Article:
After taking seawater samples from the shoreline of Ucluelet, British Columbia, scientists from the Woods Hole Oceanographic Institution (WHOI) discovered small amounts of radioactivity from the 2011 Fukushima nuclear power plant accident.

Traces of Radiation from Fukushima Found on British Columbia Shores

After taking seawater samples from the shoreline of Ucluelet, British Columbia, scientists from the Woods Hole Oceanographic Institution (WHOI) discovered small amounts of radioactivity from the 2011 Fukushima nuclear power plant accident.

After taking seawater samples from the shoreline of Ucluelet, British Columbia, scientists from the Woods Hole Oceanographic Institution (WHOI) discovered that small amounts of radioactivity from the 2011 Fukushima nuclear power plant accident were present in the water. However, the levels detected are below the levels of concern to humans and marine life.

Last November, the researchers also found radioactivity levels off the coast of Northern California, but no radiation was detected on the beaches or shorelines.

"Radioactivity can be dangerous, and we should be carefully monitoring the oceans after what is certainly the largest accidental release of radioactive contaminants to the oceans in history," said Ken Buesseler, a marine chemist at WHOI who has been measuring levels of radioactivity in seawater samples from across the Pacific since 2011. "However, the levels we detected in Ucluelet are extremely low."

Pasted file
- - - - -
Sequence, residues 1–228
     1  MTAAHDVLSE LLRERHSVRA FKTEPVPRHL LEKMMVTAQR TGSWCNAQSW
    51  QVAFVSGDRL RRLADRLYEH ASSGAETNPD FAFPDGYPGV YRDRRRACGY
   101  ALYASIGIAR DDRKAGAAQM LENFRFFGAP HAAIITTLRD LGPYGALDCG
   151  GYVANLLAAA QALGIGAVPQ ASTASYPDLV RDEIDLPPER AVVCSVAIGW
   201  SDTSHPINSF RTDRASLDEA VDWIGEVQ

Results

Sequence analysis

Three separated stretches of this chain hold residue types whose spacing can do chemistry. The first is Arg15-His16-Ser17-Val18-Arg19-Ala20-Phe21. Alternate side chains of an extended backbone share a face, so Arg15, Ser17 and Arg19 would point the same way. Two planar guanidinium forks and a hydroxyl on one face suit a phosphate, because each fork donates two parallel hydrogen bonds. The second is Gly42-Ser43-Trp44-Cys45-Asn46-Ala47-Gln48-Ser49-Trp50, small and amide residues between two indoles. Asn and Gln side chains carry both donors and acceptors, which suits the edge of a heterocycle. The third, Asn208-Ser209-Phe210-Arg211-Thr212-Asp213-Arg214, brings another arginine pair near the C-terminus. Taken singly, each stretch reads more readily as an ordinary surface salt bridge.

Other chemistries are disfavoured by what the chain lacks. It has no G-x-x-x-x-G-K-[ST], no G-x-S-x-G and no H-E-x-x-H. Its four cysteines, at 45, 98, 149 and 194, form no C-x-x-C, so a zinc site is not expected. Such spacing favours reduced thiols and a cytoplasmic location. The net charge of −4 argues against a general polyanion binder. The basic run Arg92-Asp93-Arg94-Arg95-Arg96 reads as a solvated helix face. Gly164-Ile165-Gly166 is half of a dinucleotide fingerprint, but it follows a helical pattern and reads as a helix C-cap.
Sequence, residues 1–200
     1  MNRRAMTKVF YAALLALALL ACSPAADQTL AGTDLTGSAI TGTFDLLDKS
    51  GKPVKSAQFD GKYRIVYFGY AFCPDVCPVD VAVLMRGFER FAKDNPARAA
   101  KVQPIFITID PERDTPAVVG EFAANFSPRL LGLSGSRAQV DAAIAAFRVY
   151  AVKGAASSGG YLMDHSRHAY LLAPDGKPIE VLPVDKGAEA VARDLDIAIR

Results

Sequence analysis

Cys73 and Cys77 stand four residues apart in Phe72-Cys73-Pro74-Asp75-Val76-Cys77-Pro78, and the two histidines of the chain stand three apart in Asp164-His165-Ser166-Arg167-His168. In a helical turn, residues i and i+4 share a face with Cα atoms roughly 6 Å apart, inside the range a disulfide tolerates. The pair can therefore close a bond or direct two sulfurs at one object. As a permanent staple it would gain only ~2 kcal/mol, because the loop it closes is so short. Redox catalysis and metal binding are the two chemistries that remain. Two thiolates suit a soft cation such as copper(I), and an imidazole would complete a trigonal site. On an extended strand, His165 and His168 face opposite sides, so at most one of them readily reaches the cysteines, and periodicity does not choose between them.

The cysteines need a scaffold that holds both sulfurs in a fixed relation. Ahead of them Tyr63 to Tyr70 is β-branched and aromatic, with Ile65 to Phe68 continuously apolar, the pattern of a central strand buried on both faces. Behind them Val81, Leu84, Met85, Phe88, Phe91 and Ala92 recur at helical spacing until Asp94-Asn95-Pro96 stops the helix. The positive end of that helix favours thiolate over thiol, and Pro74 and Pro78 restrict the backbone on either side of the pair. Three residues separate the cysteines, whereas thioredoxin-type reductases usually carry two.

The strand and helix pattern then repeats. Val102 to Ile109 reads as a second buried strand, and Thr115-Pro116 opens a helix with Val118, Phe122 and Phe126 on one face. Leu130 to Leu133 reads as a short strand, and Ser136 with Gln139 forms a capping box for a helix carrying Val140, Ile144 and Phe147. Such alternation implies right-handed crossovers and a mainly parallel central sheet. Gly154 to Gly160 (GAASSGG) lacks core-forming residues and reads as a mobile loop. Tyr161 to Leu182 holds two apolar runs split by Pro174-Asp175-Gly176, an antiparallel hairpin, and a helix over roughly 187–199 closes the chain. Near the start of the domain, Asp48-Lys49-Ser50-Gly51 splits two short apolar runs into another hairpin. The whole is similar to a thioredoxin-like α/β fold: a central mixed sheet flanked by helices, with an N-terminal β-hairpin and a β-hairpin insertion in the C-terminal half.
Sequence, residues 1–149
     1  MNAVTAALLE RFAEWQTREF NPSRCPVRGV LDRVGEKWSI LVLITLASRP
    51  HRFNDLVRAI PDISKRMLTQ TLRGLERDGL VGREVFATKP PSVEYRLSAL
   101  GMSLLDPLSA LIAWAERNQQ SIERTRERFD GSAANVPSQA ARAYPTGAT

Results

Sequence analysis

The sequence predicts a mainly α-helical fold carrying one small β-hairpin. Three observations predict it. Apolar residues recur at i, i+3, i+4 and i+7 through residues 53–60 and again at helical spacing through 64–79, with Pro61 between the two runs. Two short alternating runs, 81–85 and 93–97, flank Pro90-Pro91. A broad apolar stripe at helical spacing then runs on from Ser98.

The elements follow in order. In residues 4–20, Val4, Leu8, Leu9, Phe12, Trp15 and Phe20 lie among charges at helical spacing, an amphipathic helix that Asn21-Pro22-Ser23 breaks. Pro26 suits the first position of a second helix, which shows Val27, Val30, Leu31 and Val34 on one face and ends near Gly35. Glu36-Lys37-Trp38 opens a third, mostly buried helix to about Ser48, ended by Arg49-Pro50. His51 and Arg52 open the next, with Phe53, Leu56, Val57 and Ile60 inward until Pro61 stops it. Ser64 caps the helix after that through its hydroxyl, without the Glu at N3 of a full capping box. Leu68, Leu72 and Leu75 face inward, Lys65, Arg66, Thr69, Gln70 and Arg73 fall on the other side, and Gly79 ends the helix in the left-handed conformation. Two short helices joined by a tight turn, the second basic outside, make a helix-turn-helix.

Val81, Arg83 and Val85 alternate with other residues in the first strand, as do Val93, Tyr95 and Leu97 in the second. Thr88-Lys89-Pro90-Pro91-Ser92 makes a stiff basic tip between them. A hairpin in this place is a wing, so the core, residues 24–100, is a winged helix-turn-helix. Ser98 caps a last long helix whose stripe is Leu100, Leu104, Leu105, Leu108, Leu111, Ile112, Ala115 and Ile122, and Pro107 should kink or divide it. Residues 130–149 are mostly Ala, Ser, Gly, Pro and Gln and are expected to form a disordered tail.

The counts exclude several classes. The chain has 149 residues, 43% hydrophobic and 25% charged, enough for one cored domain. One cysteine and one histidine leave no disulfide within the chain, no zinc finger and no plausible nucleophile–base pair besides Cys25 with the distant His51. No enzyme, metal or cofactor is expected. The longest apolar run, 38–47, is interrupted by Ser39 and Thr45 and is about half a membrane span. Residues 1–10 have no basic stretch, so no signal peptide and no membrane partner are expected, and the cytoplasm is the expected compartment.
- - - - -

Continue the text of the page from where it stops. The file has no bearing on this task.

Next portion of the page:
The radiation levels found on the Ucluelet shoreline are comparable to those found in Northern California, so there is no real threat to human or marine life.

"We expect more of the sites will show detectable levels of cesium-134 in coming months, but ocean currents and exchange between offshore and coastal waters is quite complex," said Buesseler, "Predicting the spread of radiation becomes more complex the closer it gets to the coast and we need the public's help to continue this sampling network."

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